A Revolutionary Abolitionist and our Cloud of Witnesses

Last Thursday, we gathered for All Saints’ Day. We ate, sang and spoke of people in our ‘Cloud of Witnesses’ – those who have passed on and who have inspired us and our faith. Their names were added to the blackboard that stands over us year round, and those of us who wished to told a story about the soul whose name they had added. I had not attended this service before, and had not really understood what Alison had meant when she said it was a way for us to be reminded of and acquainted with death, and brought in community with our cloud of witnesses (that’s how I remember her explaining it anyway).  I had thought that meant it was a kind of memorial, anniversary-like, and was okay with that. But sitting there, saying the prayers, singing the names, reading the people on the board and hearing the stories about them – it created an awareness for me that those who have died and we who are living are not ‘us’ and ‘them’: we are collectively the Body of Christ, and His Spirit is with us.
This then allowed the realisation that the Beginning and the End isn’t birth and death: it is the Alpha and Omega, our God. Our earthly birth and death aren’t definitive parameters, they all fall within God’s infinity.

Being no theologian I haven’t the learning to back this new-found understanding up with Scripture, but would love to share an example. The name I have, on reflection, added this year is Benjamin Lay – an early 18th century Quaker, ‘a class-conscious, race-conscious, environmentally conscious ultraradical.’* If that’s not a big enough mouthful, he was more specifically a revolutionary abolitionist vegan with a disability (dwarfism) who boycotted all slave-produced commodities and lived in a cave. In 1738 he walked 20 miles to a Quaker meeting to deliver a speech against slavery that climaxed in him plunging a sword through a Bible in which he had concealed a bladder full of red berry juice. Just to make sure the point was clear, he then splattered the juice over the slave-keepers in the audience, crying out ‘thus shall God shed the blood of those persons who enslave their fellow creatures’.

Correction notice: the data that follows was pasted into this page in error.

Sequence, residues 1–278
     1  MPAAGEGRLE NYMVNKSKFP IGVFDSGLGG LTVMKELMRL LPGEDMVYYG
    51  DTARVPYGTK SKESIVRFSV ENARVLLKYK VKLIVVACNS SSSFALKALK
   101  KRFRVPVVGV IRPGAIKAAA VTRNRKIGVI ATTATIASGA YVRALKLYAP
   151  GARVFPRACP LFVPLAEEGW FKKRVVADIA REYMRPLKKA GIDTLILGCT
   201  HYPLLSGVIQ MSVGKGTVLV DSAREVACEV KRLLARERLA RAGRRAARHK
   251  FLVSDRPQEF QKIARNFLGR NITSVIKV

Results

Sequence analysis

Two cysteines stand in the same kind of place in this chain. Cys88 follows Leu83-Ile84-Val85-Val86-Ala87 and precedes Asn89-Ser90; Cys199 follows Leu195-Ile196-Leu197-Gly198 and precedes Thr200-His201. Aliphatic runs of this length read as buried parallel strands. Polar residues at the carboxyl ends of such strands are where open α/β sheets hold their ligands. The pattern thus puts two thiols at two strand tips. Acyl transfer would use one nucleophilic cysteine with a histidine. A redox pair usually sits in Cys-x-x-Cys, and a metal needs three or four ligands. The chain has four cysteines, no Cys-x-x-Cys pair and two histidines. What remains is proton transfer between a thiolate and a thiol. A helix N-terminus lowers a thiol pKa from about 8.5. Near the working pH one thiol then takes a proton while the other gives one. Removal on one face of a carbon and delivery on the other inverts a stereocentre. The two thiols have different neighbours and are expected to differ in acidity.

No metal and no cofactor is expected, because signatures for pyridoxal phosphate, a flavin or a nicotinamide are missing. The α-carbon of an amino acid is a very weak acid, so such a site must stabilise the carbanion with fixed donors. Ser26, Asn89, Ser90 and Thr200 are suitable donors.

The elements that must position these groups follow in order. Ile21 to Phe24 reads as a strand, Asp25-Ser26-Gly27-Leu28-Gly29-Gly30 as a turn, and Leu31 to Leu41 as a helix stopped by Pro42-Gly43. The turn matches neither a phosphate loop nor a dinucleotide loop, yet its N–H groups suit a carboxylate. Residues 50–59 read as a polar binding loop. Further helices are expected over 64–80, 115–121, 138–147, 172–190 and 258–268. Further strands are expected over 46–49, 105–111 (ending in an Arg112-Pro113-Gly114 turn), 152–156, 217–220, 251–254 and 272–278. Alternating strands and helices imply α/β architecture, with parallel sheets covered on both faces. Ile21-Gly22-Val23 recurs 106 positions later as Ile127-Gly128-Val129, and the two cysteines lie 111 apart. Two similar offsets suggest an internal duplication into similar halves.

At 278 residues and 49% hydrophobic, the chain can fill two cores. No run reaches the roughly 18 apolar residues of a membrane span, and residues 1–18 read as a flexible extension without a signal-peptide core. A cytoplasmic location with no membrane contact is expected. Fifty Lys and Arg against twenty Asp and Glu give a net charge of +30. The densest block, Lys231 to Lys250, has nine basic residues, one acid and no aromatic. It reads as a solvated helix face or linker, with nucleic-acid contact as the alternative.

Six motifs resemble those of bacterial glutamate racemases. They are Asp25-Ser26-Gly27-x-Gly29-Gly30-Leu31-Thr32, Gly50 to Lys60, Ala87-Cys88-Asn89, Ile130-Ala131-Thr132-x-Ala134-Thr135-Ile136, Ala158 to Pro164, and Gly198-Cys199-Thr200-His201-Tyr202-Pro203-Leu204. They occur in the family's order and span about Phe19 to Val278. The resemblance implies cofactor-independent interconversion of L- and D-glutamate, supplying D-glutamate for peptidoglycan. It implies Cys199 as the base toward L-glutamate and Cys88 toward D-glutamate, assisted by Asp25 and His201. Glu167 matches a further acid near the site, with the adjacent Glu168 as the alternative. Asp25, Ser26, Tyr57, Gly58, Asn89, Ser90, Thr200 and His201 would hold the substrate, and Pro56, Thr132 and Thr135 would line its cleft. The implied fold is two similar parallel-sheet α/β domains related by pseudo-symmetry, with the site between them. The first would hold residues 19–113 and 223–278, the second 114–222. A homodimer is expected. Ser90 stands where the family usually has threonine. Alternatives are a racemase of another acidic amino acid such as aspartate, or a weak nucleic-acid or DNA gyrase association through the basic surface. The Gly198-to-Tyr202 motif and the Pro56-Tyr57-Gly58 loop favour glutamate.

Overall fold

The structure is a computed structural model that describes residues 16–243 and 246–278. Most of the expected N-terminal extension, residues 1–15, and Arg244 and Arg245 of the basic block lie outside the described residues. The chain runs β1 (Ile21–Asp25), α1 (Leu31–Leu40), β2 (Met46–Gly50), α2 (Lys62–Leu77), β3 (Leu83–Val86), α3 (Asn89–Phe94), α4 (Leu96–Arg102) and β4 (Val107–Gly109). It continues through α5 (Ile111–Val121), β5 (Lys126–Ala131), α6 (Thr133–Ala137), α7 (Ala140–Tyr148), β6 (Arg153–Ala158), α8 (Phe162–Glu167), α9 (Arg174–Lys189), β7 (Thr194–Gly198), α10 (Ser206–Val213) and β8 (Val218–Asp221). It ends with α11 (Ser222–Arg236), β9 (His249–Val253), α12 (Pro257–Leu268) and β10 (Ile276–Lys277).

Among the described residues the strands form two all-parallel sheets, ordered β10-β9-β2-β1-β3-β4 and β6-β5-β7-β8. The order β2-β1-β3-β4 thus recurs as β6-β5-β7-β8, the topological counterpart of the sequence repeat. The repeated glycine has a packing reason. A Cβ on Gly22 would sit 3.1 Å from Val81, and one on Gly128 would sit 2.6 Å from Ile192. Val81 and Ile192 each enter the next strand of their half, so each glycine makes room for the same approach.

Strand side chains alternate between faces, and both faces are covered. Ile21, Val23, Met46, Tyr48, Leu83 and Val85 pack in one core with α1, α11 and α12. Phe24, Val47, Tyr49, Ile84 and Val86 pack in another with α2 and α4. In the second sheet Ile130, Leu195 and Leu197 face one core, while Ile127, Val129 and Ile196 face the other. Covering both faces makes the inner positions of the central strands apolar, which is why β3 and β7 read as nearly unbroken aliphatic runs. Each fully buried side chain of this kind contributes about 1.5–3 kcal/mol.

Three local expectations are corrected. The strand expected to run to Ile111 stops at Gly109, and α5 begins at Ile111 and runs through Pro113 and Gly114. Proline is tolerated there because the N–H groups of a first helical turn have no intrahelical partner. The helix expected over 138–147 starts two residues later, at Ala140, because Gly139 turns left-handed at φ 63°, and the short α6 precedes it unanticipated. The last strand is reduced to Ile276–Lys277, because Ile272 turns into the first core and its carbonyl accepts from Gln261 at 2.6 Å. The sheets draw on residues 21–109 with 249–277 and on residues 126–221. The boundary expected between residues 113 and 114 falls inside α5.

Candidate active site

He was, obviously, thrown out of the meeting and, heartbreakingly, disowned from the community. Yet it created the conversation and discomfort he aimed for, which he continued to relentlessly pursue. His efforts eventually led the Philadelphia Society of Friends to pass a resolve disciplining members who owned slaves in 1958 – a year before Benjamin himself died and joined our cloud of witnesses.

As a historical figure, Benjamin Lay can be remembered and bring inspiration for us all to pursue social justice, which is no small thing. But adding him to our Cloud of Witnesses? For almost a week now I can’t stop thinking of how he must be wanting to rain red juice down on those power-brokers keeping asylum seekers on Nauru, and cheering on the advocates fighting against this. It’s not a matter commemorating and being #inspired by him – it’s knowing that we are his peers, that we also believe in the same scripture which drove his actions, that the conviction that he had is ours to have also.

We – you, me and Benjamin – are the Body of Christ, and His Spirit is with us now as it was with Benjamin when he stabbed that juice-soaked Bible.

Love and peace,
Lucy Hodson
(keeping the newsletter seat warm while Alison is on leave til 18 Nov)

*Read this excellent adapted excerpt of Marcus Rediker, “The Fearless Benjamin Lay: The Quaker Dwarf Who Became the First Revolutionary Abolitionist”, 2017. Facts and quotes above drawn from this!

Image credit: William Williams, Benjamin Lay (c. 1750 – 1758). National Portrait Gallery, Smithsonian Institution; this acquisition was made possible by a generous contribution from the James Smithson Society.

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